Passing inheritance down through men is an old practice. Though the law ensures women's right to inherit, old habits die hard.
Published March 5, 2022

In 2017, when Pihlwan Baig was still alive, he transferred his land to his six children, dividing it among his four daughters and two sons. Of the 24 kanals he owned in Ali Abad, Hunza, he gave each of his daughters a five marla plot and a shop.

When he passed away in January 2020, however, his sons decided to claim the entirety of Pihlwan’s property — even if they had to resort to violence to do so.

In an FIR registered in November 2021, Pihlwan’s daughter Zahra Banu explained how her brothers tried to force her to sign a piece of stamp paper. When she hesitated, they beat her. And when her husband came home and intervened, they left him and Banu’s 11-year-old son black and blue too.

The law

Article 23 of the Constitution guarantees the right to own property for every man and woman in the country. It is backed up by a long legal tradition of protecting women’s property rights in Pakistan, beginning with the Married Women’s Property Act of 1874 and the Dissolution of Muslim Marriages Act of 1939 under the British Raj, and going on after independence with the Muslim Family Laws Ordinance, 1961, the West Pakistan Muslim Personal Law Shariat Application Act, 1962, and the Prevention of Anti-Women Practices Act, 2011.

The most recent bill passed in this regard, the Enforcement of Women’s Property Rights (Amendment) Bill, 2021, seeks to ensure that the right of women to own and possess property is not violated by means of harassment, coercion, force or fraud.

Meanwhile, under the Prevention of Anti-Women Practices Act, 2011, denying women their inherited property through ‘deceitful or illegal means’ is punishable with imprisonment of up to 10 years, but no less than five, and/or a fine of Rs1 million.

But passing inheritance down through the men of the family is a tale as old as time. And though the law gives women the right to inherit, old habits die hard.

In fact, according to the Demographic and Health Survey 2017-18, “97 per cent of women [across Pakistan] did not inherit land or a house, while 1pc each inherited agricultural land and a house. Less than 1pc of women inherited non-agricultural plots or residential plots.” While the issue affects women across Pakistan, this piece focuses on those living in some areas of Khyber Pakhtunkhwa (KP) and Gilgit Baltistan (GB), where the data was accessible.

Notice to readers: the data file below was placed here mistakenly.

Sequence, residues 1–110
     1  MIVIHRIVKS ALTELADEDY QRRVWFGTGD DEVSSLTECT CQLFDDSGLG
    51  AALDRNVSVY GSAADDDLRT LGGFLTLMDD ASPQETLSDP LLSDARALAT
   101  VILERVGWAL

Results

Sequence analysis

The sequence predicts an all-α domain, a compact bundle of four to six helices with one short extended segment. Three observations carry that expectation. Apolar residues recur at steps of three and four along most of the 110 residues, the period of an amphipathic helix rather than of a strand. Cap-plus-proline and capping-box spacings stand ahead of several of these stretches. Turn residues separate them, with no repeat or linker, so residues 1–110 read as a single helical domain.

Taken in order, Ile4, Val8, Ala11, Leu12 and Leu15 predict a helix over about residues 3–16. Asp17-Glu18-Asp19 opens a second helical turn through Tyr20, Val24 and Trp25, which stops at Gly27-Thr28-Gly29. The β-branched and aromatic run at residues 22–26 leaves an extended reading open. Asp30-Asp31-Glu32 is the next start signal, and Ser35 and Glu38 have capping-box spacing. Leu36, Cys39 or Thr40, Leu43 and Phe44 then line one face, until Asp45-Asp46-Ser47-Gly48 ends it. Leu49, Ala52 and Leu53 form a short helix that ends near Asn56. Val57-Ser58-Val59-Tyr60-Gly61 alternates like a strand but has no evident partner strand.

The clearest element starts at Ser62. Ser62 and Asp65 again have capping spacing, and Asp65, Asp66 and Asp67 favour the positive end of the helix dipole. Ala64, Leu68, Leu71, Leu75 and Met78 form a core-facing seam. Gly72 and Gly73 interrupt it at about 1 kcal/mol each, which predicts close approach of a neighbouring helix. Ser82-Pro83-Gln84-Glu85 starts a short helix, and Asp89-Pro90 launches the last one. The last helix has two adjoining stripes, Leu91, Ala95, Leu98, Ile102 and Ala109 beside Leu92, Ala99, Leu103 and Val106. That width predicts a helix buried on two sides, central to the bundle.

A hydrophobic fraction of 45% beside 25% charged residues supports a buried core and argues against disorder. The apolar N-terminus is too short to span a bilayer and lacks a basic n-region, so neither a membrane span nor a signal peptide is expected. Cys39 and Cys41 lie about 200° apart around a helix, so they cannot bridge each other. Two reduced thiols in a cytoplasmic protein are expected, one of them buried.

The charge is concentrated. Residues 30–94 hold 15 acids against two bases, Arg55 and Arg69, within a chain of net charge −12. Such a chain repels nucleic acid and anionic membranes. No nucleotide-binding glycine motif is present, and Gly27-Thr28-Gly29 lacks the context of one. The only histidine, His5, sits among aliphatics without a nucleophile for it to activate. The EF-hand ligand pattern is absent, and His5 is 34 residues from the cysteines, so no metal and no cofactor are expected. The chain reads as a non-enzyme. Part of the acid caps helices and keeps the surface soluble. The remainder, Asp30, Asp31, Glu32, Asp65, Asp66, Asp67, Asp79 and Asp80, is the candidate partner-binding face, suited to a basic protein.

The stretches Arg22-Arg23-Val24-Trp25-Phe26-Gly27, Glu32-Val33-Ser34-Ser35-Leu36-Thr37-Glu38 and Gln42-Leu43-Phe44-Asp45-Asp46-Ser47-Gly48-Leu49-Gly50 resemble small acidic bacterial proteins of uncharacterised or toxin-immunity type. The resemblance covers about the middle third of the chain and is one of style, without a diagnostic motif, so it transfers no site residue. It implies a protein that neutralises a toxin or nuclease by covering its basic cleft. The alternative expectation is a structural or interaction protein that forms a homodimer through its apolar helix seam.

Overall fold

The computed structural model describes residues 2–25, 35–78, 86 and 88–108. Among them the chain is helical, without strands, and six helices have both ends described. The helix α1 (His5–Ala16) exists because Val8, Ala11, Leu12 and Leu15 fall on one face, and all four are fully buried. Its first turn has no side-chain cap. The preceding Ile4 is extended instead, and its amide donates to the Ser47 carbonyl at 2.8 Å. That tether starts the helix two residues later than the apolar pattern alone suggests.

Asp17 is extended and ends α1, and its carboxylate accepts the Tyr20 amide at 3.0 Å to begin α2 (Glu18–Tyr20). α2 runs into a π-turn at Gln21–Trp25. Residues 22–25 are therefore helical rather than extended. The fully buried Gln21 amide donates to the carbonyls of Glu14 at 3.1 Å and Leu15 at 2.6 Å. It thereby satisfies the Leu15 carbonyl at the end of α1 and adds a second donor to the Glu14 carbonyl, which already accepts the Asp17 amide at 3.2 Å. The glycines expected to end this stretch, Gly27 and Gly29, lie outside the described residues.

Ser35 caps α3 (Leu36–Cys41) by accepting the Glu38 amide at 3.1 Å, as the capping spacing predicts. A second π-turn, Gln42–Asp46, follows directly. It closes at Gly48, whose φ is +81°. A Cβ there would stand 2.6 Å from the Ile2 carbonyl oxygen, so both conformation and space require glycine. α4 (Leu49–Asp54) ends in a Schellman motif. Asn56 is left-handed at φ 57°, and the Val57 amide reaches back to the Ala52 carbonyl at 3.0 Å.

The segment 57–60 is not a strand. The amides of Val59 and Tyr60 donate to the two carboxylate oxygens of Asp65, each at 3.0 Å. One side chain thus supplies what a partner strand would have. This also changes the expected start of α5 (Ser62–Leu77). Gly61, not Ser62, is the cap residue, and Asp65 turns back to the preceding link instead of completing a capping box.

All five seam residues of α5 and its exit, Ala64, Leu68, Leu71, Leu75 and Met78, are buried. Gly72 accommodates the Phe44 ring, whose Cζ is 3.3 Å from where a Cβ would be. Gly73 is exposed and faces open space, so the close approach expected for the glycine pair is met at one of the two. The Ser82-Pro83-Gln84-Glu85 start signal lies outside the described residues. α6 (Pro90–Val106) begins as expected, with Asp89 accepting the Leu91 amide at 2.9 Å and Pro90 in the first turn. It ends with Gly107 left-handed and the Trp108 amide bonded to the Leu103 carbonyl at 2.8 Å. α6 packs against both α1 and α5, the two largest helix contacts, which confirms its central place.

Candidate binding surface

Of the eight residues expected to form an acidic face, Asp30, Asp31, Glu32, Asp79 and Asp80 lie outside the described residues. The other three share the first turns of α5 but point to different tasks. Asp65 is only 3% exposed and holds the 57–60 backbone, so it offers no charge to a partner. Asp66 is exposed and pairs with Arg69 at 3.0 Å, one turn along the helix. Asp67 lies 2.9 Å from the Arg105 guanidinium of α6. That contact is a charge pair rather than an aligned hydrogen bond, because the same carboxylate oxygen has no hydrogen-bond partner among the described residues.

Inheritance denied

In December 2021 alone, the KP revenue department’s service delivery centre in Shangla recorded 30 incidents of tamleek — the practice of gifting property to legal heirs during one’s lifetime. Of these 30 cases, only two took daughters into consideration. In the rest, women had been set aside.

“It’s very common for men to deprive daughters of their property rights through tamleek,” says Amir Hassan, a revenue official, explaining that in this way, people are able to find a way around the laws that give women their due in a deceased person’s possessions.

“When it comes to inheritance, the deceased’s daughters do have a share, but even there, the sons usually come to agreements with them to gain their shares with their consent.”

Some, though, don’t bother with consent, opting instead to force their female relatives aside and usurp their property.

Waiting outside the Shangla district courts in Alpuri, 70-year-old Nasib Ranra laments the fact that she does not have a son. “Had I a son, I wouldn’t have to come to court to fight over the rights to my late husband Musa’s property. Alas, I have given birth only to daughters.”

After Musa Khan died, his brother Khoidad allegedly jumped at the chance to seize their father’s land. He quickly transferred the property — around 31 kanals of cultivated land and 465 kanals of non-cultivable land — to his own sons, depriving Ranra and her four daughters of their inheritance. And if that wasn’t enough, he was forcing her to vacate her marital home in Belkani too, she said.

Although a jirga had ordered Khoidad to return the property, he refused to back down. And so, Ranra had turned to the courts, hopeful that they would rule in her favour.

Shabana Khan and her two sisters, too, had filed a suit in 2021 after three of their brothers deprived them of a share of their father’s property. Presenting a falsified power of attorney in court in 2000, their brothers had been able to occupy hundreds of kanals of their late father’s land, leaving Shabana and her sisters with no recourse but a court case and a complaint lodged against the local revenue department.

According to Shabana’s lawyer Mian Safeer, her two youngest brothers, Azaz and Asghar, found themselves left out of the inheritance too, claiming they had been too young to know about the power of attorney when the land was transferred.

Shabana Khan, Zahra Banu and Nasib Ranra are only three of a multitude of women struggling to lay claim to their rightful inheritance in the country.